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Impaired Glucose Tolerance: A Precursor to Diabetes

Impaired glucose tolerance (IGT) is a condition that affects about twenty million Americans. The presence of impaired glucose tolerance is an important indicator of an increased risk of developing type 2 diabetes. With the alarming rise of diabetes in America, the research community is paying close attention to contributing factors, such as obesity and impaired glucose tolerance.




Syndrome X and Impaired Glucose Tolerance
Rarely a stand-alone condition, impaired glucose tolerance is actually one of a number of conditions collectively known as syndrome X. The presence of each of these conditions contributes individually to the development of diabetes.
  • obesity
  • insulin resistance
  • hyperinsulinemia (high blood insulin levels)
  • impaired glucose tolerance
  • hypertension (high blood pressure)
  • dyslipidemia (abnormal levels of fat in the blood).
Insulin resistance, hyperinsulinemia and impaired glucose tolerance are also associated with the development of polycystic ovary syndrome (PCOS) in both obese and lean women.

Obesity has long been related to obstructive sleep apnea (OSA). According to the results of a new study, whose results were published in the March 2002 issue of the American Journal of Respiratory and Critical Care Medicine, OSA is also associated with insulin resistance independent of obesity.

Risk Factors for Impaired Glucose Tolerance
The causes of impaired glucose tolerance are similar to those identified for full-blown diabetes. As with many diseases, one's risk of developing glucose intolerance and insulin resistance appears to involve both genetics and lifestyle.

Certain ethnic groups are more likely to develop impaired glucose tolerance than others. African Americans, Native Americans, Hispanic Americans, Asian Americans and Pacific Islanders are all at greater than normal risk. The occurrence of type 2 diabetes is also more common in these populations.

Women are more likely to develop impaired glucose tolerance than men, and women with a history of gestational diabetes are at higher risk than other women.

A family history of diabetes could indicate that you have a genetic predisposition to problems involving glucose metabolism and put you at an increased risk of impaired glucose tolerance.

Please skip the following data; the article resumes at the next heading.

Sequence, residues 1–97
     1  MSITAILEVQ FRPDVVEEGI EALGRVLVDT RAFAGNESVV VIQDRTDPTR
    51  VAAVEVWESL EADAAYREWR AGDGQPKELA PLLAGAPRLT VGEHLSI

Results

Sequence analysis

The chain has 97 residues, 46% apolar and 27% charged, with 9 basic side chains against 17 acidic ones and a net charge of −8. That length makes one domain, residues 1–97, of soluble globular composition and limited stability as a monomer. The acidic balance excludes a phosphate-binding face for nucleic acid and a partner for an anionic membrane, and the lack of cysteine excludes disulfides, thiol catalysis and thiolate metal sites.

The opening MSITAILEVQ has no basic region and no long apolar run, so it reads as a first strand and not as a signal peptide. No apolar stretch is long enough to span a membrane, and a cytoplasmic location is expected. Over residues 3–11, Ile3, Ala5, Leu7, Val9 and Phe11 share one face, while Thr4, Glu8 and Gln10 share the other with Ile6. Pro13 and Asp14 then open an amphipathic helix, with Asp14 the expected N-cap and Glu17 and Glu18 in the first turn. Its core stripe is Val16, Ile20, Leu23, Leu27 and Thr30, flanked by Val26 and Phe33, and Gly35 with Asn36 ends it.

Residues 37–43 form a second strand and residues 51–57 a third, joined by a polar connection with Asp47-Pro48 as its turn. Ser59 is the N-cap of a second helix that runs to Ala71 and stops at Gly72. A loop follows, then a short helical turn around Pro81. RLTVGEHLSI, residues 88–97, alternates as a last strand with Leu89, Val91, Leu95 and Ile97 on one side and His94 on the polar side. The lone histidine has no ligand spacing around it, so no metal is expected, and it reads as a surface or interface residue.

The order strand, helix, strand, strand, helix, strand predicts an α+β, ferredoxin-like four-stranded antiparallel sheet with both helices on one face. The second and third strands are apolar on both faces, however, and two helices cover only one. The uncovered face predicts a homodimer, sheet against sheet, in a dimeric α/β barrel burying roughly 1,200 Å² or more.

Some medical conditions contribute to the development of impaired glucose tolerance, insulin resistance and diabetes. These include:
  • obesity
  • liver cirrhosis
  • end stage kidney disease
  • certain endocrine disorders (i.e., hyperthyroidism, Cushing's disease)
  • certain exocrine disorders (i.e., cystic fibrosis, pancreatic cancer, hemochromatosis)
  • certain genetic disorders (i.e., Down syndrome, Turner syndrome)
  • gestational diabetes.
What Is Insulin Resistance?
In some people, insulin levels may be normal or even high, but the body stops responding appropriately. Because insulin is necessary in order to use glucose as an energy source, insulin resistance leads to elevated blood sugar levels. The exact mechanism of insulin resistance is unknown, however, doctors and scientists have discovered that the condition is more common in overweight individuals and that a genetic predisposition exists. Studies have shown that diet and exercise can help restore insulin sensitivity. Lowering the amount of fat and calories consumed and getting thirty minutes of aerobic exercise several times a week can reduce the risk of insulin resistance and the development of type 2 diabetes.

Diet, Exercise and Impaired Glucose Tolerance
For the person who wants to maintain their healthy weight, the calories burned should equal calories taken in. For the overweight person, the calories burned should exceed those taken in. Combining exercise with specific dietary changes, such as limiting carbohydrates and fats, is the best way to control impaired glucose tolerance and maintain good health.

Resources

Ip, M. S. M., Lam, B., Ng, M. M. T., Lam, W. K., Tsang, K. W. T., Lam, K. S. L. (2002, March). Obstructive sleep apnea is independently associated with insulin resistance [electronic version]. American Journal of Respiratory and Critical Care Medicine 165(5), 670-676.

Joslin Diabetes Center. (2002). What is impaired glucose tolerance (IGT) and how is it diagnosed? Retrieved July 20, 2002 from www.joslin.harvard.edu/education/library/prevent_itg.shtml.

Olatunbosun, S. (updated 2002, April). Glucose intolerance. eMedicine. Retrieved July 17, 2003, from www.emedicine.com/med/topic897.htm.

Schroeder, C. M. (2000). Insulin resistance in PCOS. Retrieved July 17, 2003, from
www.inciid.org/pcos/PCOS-insulinresistance.html.
   
   
 
 
 
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